The Clova Cinema’s Final Reel

Clova Cinema

The Clova Cinema is the latest in a long line of Lower Mainland movie theatres forced to shut its doors after entertaining locals for decades.

A jewel of Surrey’s charming Cloverdale Main Street since in 1947, the Clova has been featured in several television shows and movies over the years, including the locally-lensed series Smallville, in which the Clova played the role of “The Talon Theater.”

The Clova’s impending demise is partly the result of failed negotiations between the theatre’s management and the building’s new owners, but the cinema is also another victim of the digital revolution in movie exhibition. After over 100 years, traditional 35 mm film projection is being phased out in favour digital formats like DCP (Digital Cinema Package). In January, the Los Angeles Times announced that, after years of warnings, Paramount Pictures had officially become the first Hollywood studio to stop printing shipping film altogether (its first digital-only release was Martin Scorsese’s The Wolf of Wall Street). DCP holds several advantages for Hollywood studios and their distributers: shipping a single hard drive per feature to theatres as opposed to four or five heavy reels of film is far more cost effective. However, DCP projectors can be exorbitant for theatre owners. Large chains like Canada’s Cineplex have been able to absorb the costs of digital conversion and continue to screen new product, while dozens of smaller and single-screen theatres across the country – already saddled with harsh studio rules dictating their programming – have faced a tough decision: convert to digital or close.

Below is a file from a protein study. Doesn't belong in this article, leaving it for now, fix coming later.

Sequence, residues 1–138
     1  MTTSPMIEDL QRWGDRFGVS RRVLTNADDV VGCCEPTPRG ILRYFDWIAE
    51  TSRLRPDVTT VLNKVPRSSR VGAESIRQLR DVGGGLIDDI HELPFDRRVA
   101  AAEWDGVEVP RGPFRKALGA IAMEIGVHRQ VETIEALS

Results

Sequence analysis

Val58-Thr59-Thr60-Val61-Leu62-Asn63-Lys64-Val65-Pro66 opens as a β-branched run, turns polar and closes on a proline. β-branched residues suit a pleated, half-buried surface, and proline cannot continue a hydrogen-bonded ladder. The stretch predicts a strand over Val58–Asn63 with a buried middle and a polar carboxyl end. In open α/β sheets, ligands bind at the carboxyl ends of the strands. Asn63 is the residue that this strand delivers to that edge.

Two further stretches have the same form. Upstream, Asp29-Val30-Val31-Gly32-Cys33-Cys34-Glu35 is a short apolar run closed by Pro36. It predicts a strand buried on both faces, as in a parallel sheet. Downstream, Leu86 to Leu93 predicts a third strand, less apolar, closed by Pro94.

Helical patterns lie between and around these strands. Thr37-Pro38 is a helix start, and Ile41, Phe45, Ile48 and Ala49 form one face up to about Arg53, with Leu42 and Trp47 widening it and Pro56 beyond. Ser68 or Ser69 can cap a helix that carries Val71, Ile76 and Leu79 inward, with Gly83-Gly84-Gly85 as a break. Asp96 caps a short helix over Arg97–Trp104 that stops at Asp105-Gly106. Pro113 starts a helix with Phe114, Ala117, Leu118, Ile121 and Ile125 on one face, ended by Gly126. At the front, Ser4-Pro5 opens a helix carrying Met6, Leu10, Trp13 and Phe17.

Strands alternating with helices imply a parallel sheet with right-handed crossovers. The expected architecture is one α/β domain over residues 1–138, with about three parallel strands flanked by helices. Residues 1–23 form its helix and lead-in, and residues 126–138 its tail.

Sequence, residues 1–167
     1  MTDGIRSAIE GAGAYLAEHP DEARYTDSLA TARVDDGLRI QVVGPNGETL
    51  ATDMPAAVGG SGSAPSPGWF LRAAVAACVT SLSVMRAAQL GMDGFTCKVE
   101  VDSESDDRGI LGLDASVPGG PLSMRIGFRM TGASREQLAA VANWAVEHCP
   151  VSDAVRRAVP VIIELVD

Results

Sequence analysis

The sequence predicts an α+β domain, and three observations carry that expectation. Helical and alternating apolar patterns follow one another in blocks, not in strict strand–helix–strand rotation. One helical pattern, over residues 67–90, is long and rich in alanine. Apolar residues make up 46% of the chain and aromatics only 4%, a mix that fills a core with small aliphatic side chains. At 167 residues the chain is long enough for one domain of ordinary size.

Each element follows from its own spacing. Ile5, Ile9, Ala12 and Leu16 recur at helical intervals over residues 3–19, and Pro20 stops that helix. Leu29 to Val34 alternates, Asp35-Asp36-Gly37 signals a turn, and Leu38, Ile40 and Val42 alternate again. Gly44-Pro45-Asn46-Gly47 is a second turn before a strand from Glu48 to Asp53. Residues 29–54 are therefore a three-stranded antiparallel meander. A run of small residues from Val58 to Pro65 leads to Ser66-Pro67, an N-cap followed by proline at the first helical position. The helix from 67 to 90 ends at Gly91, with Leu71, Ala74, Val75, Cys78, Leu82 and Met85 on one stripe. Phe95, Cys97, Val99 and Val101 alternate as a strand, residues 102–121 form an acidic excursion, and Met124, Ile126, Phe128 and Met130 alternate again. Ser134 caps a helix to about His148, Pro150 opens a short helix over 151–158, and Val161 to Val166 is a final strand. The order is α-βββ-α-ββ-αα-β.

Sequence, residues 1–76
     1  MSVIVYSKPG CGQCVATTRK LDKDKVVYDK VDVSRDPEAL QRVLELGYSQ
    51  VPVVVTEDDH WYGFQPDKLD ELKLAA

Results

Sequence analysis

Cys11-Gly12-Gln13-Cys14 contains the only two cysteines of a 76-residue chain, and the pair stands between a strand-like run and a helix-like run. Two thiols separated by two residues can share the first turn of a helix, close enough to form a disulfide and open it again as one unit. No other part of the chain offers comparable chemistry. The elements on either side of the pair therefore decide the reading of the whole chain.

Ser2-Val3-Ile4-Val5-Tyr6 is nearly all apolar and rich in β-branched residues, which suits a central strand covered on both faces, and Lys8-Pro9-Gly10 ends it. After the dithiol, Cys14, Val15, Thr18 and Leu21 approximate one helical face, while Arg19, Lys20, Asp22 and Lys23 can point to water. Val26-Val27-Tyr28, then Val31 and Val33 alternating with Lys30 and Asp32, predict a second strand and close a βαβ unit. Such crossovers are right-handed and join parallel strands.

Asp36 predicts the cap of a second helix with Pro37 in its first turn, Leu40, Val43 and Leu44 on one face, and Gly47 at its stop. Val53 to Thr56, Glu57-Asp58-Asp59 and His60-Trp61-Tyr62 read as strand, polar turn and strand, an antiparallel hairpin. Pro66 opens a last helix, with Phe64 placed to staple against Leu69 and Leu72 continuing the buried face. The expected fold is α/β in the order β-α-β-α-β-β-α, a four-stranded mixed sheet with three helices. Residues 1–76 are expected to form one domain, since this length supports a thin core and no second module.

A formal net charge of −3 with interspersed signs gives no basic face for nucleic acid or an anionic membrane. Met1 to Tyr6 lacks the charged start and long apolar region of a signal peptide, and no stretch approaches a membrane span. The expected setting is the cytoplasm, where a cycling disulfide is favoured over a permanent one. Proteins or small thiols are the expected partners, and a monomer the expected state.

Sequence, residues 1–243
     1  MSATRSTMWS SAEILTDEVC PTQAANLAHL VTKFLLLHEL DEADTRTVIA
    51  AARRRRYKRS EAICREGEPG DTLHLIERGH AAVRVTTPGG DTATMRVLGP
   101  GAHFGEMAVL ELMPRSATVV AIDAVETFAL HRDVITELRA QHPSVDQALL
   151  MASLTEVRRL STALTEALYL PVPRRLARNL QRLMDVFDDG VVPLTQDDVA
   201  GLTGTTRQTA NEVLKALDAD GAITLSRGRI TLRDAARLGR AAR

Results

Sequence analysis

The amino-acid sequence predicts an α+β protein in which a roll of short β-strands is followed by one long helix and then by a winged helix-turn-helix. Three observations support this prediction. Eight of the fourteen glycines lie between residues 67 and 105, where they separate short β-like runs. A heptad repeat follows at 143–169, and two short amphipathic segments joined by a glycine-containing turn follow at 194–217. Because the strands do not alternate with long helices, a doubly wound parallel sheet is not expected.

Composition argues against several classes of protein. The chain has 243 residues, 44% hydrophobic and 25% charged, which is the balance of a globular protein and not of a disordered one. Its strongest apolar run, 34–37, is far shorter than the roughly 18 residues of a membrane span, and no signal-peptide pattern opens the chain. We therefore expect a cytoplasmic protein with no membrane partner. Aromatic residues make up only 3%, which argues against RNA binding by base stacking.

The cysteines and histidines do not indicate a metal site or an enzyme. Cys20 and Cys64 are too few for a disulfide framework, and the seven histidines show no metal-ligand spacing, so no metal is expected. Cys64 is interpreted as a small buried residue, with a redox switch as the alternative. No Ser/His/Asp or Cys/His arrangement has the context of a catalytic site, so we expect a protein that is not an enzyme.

The Clova’s situation was complicated by ongoing speculation over the future of the building itself. Craig Burghardt, who has owned the theatre since 1996, understandably didn’t wish to risk investing $60,000 in a new projector while not having the assurance of a long-term lease. The building has recently changed hands, and the new owners, the leaders of a local church, have plans that are not, according to Burghardt, “conducive to us running as a movie theatre.” They will, however, allow the Clova to stay open and screen movies until film is no longer available from any source. The other major Hollywood studios are expected to follow in Paramount’s steps very soon, and it’s likely that no new movies will be printed on film stock beyond this summer (at least for North America and major markets in Europe and Asia, that is: some other overseas markets will continue to receive actual film for the next few years).

Burghardt hopes to fit in as many films as possible between now and then, keeping the Clova’s old, reliable twin projectors, nicknamed Martha and Ethel, busy right up until the end – going out, in his words, with a bang – as yet another vintage BC movie house fades to black.

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About The Author

Silmara Emde is a photographer and graphic designer, and Curtis Emde is a writer and teacher. They are based in Vancouver, British Columbia, and together they form the Projection Project - a multi-media venture that documents the changing nature of movie-going as the 35mm film era ends and the digital era begins.